Here's a selection of some of my favorite illustrations from the year 2010. Many thanks to all the great art directors, designers and editors who I had the pleasure to work with this past year:
#10 - The middle classes in developing countries are becoming voracious consumers. For Plansponsor magazine, SooJin Buzelli, art director. I appreciate SooJin giving me the freedom to come up with this unusual concept which was inspired by watching a feeding frenzy of hungry carp in a pond in China this past summer:
#10 - Plansponsor magazine.
#9 - Looking beyond the landmarks to find culture in Europe. For The New York Times Sunday Travel section, art direction by Corinne Myller. I'm always looking for reasons to draw anything having to do with Paris or Venice, though this is the first time I've been able to show both cities in the same image:
#9 - The New York Times Travel section.
#8 - Poster art for a lecture by a cognitive neuroscientist. The lecture at Yale University is titled "Probing the Secrets of the Mind". I'm pleased with this "quest" concept, and how the mind is represented as a dense forest through which the rider must travel:
#8 - Poster art for lecture by a neuroscientist.
#7 - My Wyoming sketchbook. Sketches completed at a dude ranch in Wyoming. While we were at the ranch it made me very happy when an accomplished horseback rider looked at my sketches and thought I'd been drawing horses for years. I'd never drawn a horse before in my life!
#7 - My Wyoming sketchbook.
#6 - Weekly assignment for The Washington Post. For The Green Lantern column, Brad Walters, art director. It's always a pleasure to work with Brad on these assignments which deal with environmental issues, a topic that is important to me:
The effects of gold mining on the environment.
#6 - The Washington Post. Left, How green are food carts? Right, China or India: who pollutes the most?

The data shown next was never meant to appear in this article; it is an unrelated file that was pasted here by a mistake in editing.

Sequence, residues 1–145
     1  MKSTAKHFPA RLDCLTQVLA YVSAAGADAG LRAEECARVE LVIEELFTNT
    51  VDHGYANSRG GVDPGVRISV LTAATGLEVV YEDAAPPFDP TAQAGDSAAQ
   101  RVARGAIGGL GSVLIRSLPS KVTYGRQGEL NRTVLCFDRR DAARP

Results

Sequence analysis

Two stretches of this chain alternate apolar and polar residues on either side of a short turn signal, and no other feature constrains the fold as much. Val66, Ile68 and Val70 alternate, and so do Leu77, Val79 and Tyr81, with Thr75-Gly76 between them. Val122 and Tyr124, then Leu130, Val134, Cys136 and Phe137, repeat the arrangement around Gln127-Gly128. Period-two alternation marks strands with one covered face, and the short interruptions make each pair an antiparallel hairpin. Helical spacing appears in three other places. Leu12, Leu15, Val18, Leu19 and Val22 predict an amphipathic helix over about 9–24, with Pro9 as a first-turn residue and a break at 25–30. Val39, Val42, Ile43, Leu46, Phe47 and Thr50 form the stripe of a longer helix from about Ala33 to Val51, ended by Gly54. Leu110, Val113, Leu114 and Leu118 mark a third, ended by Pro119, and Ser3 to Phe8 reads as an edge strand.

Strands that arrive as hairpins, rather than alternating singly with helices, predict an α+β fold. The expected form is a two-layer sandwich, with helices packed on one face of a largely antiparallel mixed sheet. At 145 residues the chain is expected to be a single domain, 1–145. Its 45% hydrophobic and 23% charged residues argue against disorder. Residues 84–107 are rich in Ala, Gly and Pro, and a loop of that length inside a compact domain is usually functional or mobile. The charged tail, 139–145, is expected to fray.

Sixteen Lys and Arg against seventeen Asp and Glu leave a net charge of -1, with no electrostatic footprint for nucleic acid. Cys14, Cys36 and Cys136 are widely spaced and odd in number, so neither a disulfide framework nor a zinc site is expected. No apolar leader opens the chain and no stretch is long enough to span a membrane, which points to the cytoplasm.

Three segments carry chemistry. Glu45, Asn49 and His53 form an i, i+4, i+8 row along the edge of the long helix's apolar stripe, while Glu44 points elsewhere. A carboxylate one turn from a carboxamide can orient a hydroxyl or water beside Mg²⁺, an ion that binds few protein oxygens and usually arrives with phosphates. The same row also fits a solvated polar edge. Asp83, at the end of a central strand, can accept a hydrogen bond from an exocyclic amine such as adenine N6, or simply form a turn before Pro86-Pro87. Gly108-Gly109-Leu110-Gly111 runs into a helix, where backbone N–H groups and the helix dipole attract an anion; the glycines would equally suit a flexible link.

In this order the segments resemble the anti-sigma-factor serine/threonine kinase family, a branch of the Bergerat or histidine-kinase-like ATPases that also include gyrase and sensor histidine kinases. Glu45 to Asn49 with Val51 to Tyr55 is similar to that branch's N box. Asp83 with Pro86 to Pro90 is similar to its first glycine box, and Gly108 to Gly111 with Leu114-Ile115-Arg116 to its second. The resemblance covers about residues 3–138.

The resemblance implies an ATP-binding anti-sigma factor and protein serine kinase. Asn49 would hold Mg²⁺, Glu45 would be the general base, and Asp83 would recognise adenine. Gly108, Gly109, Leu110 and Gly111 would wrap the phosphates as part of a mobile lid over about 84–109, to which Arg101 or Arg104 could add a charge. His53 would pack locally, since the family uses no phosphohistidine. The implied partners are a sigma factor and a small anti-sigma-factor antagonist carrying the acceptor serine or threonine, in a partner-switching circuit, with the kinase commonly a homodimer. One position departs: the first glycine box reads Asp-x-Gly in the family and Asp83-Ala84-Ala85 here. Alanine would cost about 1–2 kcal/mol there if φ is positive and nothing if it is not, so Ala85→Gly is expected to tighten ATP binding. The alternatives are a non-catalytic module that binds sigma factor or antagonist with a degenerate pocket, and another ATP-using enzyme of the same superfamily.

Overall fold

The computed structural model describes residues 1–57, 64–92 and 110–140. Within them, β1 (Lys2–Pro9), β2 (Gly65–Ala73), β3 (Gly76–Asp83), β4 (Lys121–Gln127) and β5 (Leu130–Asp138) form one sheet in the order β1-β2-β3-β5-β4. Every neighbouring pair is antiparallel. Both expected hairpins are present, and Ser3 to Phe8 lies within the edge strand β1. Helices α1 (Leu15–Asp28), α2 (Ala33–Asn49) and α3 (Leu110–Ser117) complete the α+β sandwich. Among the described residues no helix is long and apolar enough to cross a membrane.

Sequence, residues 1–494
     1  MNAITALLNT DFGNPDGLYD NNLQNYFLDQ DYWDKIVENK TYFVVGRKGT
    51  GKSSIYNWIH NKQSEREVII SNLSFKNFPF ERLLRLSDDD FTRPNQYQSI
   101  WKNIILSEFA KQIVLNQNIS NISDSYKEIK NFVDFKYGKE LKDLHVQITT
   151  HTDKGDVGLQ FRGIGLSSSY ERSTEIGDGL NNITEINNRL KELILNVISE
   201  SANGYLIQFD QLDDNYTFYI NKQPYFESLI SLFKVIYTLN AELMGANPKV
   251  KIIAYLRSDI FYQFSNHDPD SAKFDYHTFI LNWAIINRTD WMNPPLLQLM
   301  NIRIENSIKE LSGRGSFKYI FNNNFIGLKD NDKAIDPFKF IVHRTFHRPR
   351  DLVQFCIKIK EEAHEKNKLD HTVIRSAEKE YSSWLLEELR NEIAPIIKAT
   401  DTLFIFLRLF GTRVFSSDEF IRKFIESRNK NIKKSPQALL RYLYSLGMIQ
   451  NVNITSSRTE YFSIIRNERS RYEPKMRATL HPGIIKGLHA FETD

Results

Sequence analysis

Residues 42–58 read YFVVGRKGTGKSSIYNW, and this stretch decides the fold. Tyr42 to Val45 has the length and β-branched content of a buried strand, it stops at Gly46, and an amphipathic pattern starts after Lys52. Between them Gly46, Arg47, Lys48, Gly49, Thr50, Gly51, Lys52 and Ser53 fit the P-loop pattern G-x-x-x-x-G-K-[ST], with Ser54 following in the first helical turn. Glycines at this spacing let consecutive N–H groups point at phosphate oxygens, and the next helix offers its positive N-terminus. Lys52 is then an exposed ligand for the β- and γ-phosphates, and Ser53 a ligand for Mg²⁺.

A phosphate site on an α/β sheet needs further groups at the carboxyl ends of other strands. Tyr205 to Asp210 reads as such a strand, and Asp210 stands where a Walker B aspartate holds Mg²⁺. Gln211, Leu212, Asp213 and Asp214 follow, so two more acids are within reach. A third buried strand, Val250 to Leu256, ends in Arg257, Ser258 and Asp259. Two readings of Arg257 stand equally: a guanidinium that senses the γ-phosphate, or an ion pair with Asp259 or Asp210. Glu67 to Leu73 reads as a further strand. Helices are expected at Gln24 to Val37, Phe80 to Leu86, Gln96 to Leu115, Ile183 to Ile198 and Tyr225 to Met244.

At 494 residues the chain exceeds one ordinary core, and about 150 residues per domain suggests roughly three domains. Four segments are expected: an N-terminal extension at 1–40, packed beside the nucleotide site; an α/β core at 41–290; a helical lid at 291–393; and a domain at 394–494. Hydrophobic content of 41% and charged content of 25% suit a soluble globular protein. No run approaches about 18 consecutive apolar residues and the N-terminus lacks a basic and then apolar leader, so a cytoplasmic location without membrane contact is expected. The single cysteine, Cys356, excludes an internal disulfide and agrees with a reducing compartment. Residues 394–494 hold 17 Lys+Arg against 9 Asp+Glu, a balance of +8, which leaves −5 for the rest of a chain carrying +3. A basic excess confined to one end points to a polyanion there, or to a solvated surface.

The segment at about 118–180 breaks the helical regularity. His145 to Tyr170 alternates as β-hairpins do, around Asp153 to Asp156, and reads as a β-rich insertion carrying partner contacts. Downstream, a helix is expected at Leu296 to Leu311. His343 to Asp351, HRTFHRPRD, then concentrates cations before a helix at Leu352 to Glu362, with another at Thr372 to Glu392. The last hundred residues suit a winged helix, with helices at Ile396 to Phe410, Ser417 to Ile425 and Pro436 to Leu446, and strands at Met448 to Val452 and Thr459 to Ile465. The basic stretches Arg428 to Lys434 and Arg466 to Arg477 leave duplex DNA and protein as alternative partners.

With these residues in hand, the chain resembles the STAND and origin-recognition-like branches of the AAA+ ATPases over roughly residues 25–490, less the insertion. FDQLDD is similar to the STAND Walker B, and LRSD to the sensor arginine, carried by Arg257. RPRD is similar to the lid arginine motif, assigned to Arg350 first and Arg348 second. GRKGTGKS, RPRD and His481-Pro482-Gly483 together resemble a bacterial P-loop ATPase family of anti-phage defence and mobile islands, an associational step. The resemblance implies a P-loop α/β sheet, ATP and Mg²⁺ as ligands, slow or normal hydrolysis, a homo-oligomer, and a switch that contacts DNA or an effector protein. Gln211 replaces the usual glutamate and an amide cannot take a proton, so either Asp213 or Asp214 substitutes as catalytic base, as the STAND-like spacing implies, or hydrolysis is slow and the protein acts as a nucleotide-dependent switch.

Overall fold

#5 - The Travels of Professor Nimbus. An ongoing series of prints and oil paintings that help to keep the character featured in my graphic novels alive in between lengthy book projects. The large oil painting directly below was inspired by something I saw while standing on a street corner in Hong Kong this past July:
#5 - Travels of Professor Nimbus.
#4 - Cover for The Weekly Standard. Philip Chalk, art director. A terrific assignment on a short deadline. Thanks, Philip!
#4 - The Weekly Standard.
#3 - "Standing Room Only." Published by Yale Alumni magazine, Mark Zurolo is the art director. The Yale men's hockey team is ranked #1 in the country by the NCAA and attracting big crowds to home games. A clever fan made this ingenious device to cope with the slope of the walkway that surrounds the rink:
#3 - Yale Alumni magazine.
#2 - My Hong Kong sketchbook. During a two-week trip to Hong Kong in July I began using a brush marker, a tool that was new to me and very liberating. Suddenly I was able to draw with a brush from different and exciting vantage points (such as standing on a busy street corner) where it would have been difficult to sit for any length of time and paint with my usual watercolors. Now I'm using a brush marker for all my drawings. This entire sketchbook will be exhibited in the Society of Illustrators 53rd Annual sequential show, opening on Friday, January 7th:
#2 - My Hong Kong sketchbook.
#1 - Art for a Tony Judt essay titled "My Endless New York". For The New York Times Op-Ed, Jennifer Daniel, art director. I have strong ties to NYC since it was my home for ten years, so I was very moved by Judt's essay about what NYC meant to him. It brought up feelings of hope and longing for me which I tried to express in my drawing.
"...And while there is no other city where I could imagine living, there are many places that, for different purposes, I would rather be. But this too is a very New York sentiment. Chance made me an American, but I chose to be a New Yorker. I probably always was." - Tony Judt
#1 - The New York Times Op-Ed.
I hope everyone has a healthy and prosperous New Year.